The five Browns trained as soloists, but their careers have evolved into what has become an amazing ensemble of pianists, playing pianos in every combination (two, three, four, or all five at one time) in arrangements of jazzy classical music. Their repertoire includes lots of George Gershwin; light classics, such as "The Flight of the Bumblebee"; and arrangements for multiple pianos of works by Franz Liszt, Edvard Grieg, Claude Debussy, Sergei Rachmaninoff, Alberto Ginastera and more.
The spectacle of so many pianos on one stage is visually and aurally exciting in itself, but the musicality of the performers will also please the connoisseur. (One of the joys of watching multiple pianos from the audience is the opportunity of figuring out which player has the melody at any given moment.)
The Browns have made it their mission to bring classical music to new venues, including schools and churches. Their youth, vitality, attractiveness, and lack of stuffiness have attracted many new and young fans, many of whom had never been exposed to classical music before. And all three of their CDs have risen to the top of the classical charts.
& lt;span class= & quot;dropcap & quot; & A & lt;/span & hypothetical question lays bare the kind of classical stratosphere the Browns play in: If two of you went down with the flu, what piano soloists would you select as pinch hitters? Melody calls it "kind of a crazy question," then names Evgeny Kissin and Lang Lang -- "though since they're soloists, they might not work in an ensemble." These kids from Utah are all about teamwork.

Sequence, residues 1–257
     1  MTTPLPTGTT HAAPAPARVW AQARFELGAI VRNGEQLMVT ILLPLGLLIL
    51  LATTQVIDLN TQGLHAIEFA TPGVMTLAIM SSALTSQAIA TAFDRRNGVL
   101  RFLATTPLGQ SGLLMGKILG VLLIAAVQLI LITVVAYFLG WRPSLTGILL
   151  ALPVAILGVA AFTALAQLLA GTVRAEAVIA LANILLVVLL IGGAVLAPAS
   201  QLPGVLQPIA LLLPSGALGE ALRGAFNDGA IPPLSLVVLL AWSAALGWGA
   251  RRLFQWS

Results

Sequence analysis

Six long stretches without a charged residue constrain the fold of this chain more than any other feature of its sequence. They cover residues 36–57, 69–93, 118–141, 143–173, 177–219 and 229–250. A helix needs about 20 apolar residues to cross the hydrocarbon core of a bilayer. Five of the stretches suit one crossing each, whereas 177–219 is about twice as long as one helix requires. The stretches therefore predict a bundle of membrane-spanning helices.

Obviously, they memorize the music and practice together incessantly. But do they stay synchronized by reading each other's minds, or what? Gregory says, "Near the end of 'Dives and Lazarus,' by Ralph Vaughan Williams, Ryan gives these funny head nods." We'll be on the lookout for those, then. Gregory laughs and says, "He's actually giving cues."
In addition to the Vaughan Williams, says Desirae, in Spokane the Browns will play Gershwin's "An American in Paris," Rachmaninoff's 18th Variation from a Rhapsody on a Theme of Paganini (you can totally YouTube them performing that), and an arrangement of Igor Stravinsky's Firebird -- which Gregory calls "a real crowd-pleaser. You might expect the more jazzy pieces, or the rock 'n' roll-inspired works, to be more popular. But the Stravinsky relates well to kids."
Gregory plays to the crowd in other ways, too. For his solo shots, he gives listeners a choice between W.C. Handy's "Aunt Hagar's Blues" (from the sibs' third album, Browns in Blue) and "Superstar Etude," which he describes as "a kind of homage to Jerry Lee Lewis." All three sisters will join in an arrangement for six hands by Greg Anderson of Rachmaninoff's "Valse et Romance."
The Browns even play to their audience after their concerts. "When we first started, what we set out to do was try to get more people involved in classical music," Gregory says. "After every concert, we go out into the lobby and meet our audience and sign some things. And at every concert, little kids -- or even older people, or even their grandparents -- will say, 'That was my first classical concert, and I didn't know it could be so much fun.'"
For piano-lovers of all ages in Spokane, this should be a rewarding concert.
The Five Browns will detonate their arpeggios on five Steinways at the Fox on Saturday, June 28, at 8 pm. Tickets: $25-$75. Visit www.spokanesymphony.org or call 624-1200 or 325-SEAT.